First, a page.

3. Your dog went to live with his friends. No he didn’t. He died. The dog died. And your kids need to know it. While a parent kindly desires to protect their children from the dark realities of death, they can’t be sheltered from the sorrows of life. It’s far better to learn about life and death via a dog or goldfish as a small child rather than having your first experience with death be with a close loved one. (For a serious article see: Walking My Son through the Death of His Grandfather, or for a laugh see:  Thanksgiving Killed My Dog)

4. If you don’t obey, we are canceling vacation. Will you really “turn this car around?” Are you actually willing to cancel the Disney vacation? If so, then make all the threats you want. If not, then stop lying to your kids. Parents love to threaten. It’s a way to manipulate our child to get our way. Yet whenever we threaten something we aren’t willing to do, our kids will eventually understand the game. Then they will know our words are empty. Laying out clear consequences for the bad choices our children make is great parenting. We should do so often. Over-exaggerating consequences which we aren’t willing to follow through on is horrible parenting which we must stop.

In some instances, telling the truth is hard work. It takes discernment, time, and will likely lead to more conversations. However, teaching our kids to value the truth and modeling for them that we are always a source of truth is well worth the effort.

Stop lying to your kids and watch how your relationship with them changes.

What is a 5th lie we should never tell our kids?

6 Responses to 4 Lies to Never Tell Your Kids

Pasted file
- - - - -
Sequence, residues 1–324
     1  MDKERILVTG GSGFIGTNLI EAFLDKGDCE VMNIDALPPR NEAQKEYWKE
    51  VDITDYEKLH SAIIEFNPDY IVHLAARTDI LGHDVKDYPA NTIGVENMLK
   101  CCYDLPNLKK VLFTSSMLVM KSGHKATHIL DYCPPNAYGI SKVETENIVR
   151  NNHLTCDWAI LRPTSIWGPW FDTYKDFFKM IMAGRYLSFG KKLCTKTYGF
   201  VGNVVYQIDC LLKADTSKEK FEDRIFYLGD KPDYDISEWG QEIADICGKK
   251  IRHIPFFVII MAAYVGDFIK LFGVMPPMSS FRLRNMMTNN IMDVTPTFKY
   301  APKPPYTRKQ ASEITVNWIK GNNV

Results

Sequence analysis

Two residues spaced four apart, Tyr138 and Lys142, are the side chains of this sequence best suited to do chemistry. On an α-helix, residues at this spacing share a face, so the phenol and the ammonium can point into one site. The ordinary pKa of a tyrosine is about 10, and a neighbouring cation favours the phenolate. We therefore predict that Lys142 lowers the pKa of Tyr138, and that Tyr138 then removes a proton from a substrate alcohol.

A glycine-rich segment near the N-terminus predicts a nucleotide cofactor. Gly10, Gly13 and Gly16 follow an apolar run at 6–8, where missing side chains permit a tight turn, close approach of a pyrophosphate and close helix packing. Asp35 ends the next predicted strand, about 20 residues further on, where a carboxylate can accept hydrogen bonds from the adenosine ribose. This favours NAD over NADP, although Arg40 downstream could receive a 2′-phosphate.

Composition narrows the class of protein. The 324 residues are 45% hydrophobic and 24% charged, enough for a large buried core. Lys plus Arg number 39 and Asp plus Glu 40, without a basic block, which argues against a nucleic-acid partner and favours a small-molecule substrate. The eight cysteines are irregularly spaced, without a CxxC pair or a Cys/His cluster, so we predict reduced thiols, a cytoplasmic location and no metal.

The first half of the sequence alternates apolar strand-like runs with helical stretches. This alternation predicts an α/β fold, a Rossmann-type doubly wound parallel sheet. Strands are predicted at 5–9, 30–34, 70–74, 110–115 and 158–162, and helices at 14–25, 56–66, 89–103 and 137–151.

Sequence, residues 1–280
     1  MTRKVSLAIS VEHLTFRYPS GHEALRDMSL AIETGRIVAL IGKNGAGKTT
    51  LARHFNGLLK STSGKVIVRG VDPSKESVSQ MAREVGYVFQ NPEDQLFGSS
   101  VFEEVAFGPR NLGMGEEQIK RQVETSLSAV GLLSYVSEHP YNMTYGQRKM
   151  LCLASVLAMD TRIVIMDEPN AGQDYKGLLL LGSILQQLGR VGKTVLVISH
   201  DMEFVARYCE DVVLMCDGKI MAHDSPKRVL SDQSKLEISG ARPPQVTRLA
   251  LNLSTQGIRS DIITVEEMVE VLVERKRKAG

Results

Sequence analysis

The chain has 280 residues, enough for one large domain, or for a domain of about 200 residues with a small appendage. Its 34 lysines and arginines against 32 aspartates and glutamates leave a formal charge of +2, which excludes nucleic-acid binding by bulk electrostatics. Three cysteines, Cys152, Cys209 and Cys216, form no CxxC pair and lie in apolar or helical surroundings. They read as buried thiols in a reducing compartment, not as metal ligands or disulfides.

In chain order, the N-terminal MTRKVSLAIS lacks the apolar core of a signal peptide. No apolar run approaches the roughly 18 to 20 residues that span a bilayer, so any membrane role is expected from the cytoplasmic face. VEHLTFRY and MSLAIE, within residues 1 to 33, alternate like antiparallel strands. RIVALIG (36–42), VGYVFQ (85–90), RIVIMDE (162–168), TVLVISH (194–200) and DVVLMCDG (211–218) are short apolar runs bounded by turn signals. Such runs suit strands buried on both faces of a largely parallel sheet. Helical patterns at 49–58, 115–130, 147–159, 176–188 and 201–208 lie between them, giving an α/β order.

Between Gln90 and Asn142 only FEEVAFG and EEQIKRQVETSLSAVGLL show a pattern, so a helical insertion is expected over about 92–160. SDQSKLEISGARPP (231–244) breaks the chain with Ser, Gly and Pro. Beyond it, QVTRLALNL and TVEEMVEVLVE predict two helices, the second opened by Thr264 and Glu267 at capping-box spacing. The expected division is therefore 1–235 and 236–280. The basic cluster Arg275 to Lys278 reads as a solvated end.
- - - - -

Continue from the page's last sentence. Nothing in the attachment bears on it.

1. Tami Andrews Reply

    Santa, Tooth Fairy, Easter bunny… We recently discussed this on FB and the answers were very funny to say the least. One reply was the best…

    …After all, if you tell your kids Santa is real, and the Easter Bunny is real, and Jesus is real. When they grow up and find the truth, will they also think you made up Jesus too?

  2. Kami Reply

    I agree with these. And I’d love to hear Mr. Thompsons thoughts on the Santa/Easter bunny dilemma. The world seems to be coming up with more and more myths–now the leprechauns visit and the Elf on the Shelf. I worry a lot about the stories because I, like Tami, want my kids to believe in God and Jesus Christ.

  3. Mary Reply

    Great advise. The world will be painful for children whether we like it or not. We should teach them to be resilient and that pain can be worth is for the outcome as you say.

    For my kids, I told them Santa was in the hearts and minds of parents when the time came – that is the truth! They still love that truth, and I am sure will pass it on in time…Lesser things like Easter Bunnies and Tooth Fairies were simply jokes

  4. Jeanne Reply

    Love that!
    We found a way that is close to number 4 but without a lie implied: While going on a trip or to vacation we can’t concentrate (and don’t like it at all) with our kids whining in the car or even quarrel with each other (there are four of them). So, we always tell them: if you don’t stop right away, we drive on the side of the road, and wait until you can behave/stop whining. That always works… However, sometimes after driving on the side to wait (mostly only a few seconds) that they stopped.

  5. Scott Reply

    We always treated lying to the kids the same as lying to anyone else. A lie is a lie and isn’t tolerated in our family.